Vilnius, Lithuania – Lazy, Occasionally Frustrating, and HOT

Our first full day in Vilnius proved to be a testing one at times. It started off in the wee hours of the morning, binge-watching Game of Thrones. Our late morning breakfast-making was slightly hindered by a package of bacon that had mysteriously gone missing some time between putting it in the cart and buying all the groceries. John went back to the grocery store while I attempted to by tickets to a Bill Bailey Qualmpeddler Tour which was an utter FAIL.

Lithuanian based ticket buying websites, and we have encountered two today so far, are absolute and total crap. I happen to have some experience in this arena and I have never seen such janky, buggy, craptastic websites. The payment gateway service interfaces look like something I created in my html class 10 years ago. I hung up 8 seats in an attempt to check out, which were released back into the wild 6 hours later. No one answered the customer service or venue phone number, no emails to the web master were returned. Truly frustrating. I would have written it off as one shitty website if the whole circus wasn’t repeated later in the evening as we attempted to buy Aerosmith tickets from another broker. I know my former employer is solidly based in the English speaking countries only…but if there is a country that needs the help of the goddess that is Karyn Elliot and her team of wizards, it’s Lithuania.

We ate quite a ranty breakfast, to say the least. Shaking our frustrations away for the moment, we ventured out into the city, which to our un-heat-conditioned bodies felt like the surface of the sun. When the first hot day of spring rolls around, it always blows my mind that we do Bonnaroo each year at temperatures of 90+ degrees, when, at that precise moment, 77 degrees feels like a sauna. At least when it is hot in the States, you know you have some icy cold air-conditioning to collapse under…not in Europe, friends!

Sweaty and red-faced, we wandered through the cobbled street of Old Town Vilnius, without much of a plan. The first thing that happens to me when I get uncomfortably hot, is a delightful shade of magenta that spreads all over my face and neck. It’s very sexy. John laughed at me…my mouth got smaller. As I was slogging through the heat, I realized that I had forgotten to put on deodorant this morning after the shower…this gathered a couple more black clouds over my head. At the precise moment that all my clothes were fully saturated with sweat, we decided to climb up Gediminas Hill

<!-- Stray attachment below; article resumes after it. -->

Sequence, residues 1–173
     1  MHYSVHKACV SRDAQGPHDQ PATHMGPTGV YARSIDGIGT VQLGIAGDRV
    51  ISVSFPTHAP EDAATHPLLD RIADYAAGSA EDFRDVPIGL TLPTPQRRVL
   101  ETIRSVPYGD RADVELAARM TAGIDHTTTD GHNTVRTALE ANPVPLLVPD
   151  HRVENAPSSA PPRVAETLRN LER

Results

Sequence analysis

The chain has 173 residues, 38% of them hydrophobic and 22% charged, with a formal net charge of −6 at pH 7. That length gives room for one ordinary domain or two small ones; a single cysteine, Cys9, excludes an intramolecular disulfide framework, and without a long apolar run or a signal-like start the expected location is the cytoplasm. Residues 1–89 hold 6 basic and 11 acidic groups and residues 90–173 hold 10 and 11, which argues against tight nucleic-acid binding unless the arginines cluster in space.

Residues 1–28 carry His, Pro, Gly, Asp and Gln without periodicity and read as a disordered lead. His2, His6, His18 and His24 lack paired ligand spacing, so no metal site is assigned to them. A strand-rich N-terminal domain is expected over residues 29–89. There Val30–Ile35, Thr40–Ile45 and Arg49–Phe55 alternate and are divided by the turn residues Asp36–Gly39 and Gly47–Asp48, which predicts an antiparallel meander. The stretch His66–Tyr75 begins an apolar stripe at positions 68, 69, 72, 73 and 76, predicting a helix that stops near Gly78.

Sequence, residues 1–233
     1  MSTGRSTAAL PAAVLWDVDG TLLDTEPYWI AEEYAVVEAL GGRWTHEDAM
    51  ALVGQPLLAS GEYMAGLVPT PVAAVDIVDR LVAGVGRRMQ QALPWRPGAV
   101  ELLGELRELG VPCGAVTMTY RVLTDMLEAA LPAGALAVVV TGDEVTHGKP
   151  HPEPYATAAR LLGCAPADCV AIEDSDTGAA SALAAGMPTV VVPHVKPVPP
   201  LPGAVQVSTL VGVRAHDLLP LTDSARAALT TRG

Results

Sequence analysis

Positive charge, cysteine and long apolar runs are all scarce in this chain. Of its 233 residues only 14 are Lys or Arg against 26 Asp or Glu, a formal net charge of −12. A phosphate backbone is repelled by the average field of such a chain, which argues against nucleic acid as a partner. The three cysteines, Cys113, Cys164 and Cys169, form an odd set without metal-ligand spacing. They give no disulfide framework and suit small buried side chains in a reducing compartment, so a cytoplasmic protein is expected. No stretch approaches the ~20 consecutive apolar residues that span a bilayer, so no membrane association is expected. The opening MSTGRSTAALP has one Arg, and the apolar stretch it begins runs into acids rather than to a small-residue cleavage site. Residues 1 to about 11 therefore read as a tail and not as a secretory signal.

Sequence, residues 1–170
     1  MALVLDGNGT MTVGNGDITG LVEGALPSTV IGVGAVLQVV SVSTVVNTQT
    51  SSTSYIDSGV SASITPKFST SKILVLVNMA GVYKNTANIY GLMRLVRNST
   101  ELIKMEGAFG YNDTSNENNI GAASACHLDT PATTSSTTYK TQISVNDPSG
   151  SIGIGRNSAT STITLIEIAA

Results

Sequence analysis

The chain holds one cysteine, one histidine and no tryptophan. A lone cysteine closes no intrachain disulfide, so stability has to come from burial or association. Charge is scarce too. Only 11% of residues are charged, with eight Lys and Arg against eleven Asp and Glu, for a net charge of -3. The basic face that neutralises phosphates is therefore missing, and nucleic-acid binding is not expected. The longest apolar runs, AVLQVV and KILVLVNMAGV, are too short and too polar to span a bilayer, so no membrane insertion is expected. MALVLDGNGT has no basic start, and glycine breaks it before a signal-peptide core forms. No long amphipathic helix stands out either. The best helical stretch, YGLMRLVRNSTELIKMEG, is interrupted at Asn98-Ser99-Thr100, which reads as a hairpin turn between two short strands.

20140519-233225.jpgThis is where Vilnius was founded, and has been topped since the 13th century with a red-brick tower. The tower that marks the spot today was reconstructed in 1930 from ruined walls, ruined as a result of one of the many Russian occupations (1655-61). When you reach the top, you are treated to a 360 degree view of Vilnius, from Old Town to new.

20140519-233759.jpgWhen I began to get lightheaded, I knew it was time for fluids and lunch. We rode the funicular down the hill and found a shady spot to eat our sandwiches. We spent a large bit of our lunch break trying to tempt the curious sparrows to eat out of our hands…until I remembered the seagull incident we witnessed on the Fjord ferry. This made me feel slightly foolish, so we just upended the bag of crumbs on the grass and exited stage right.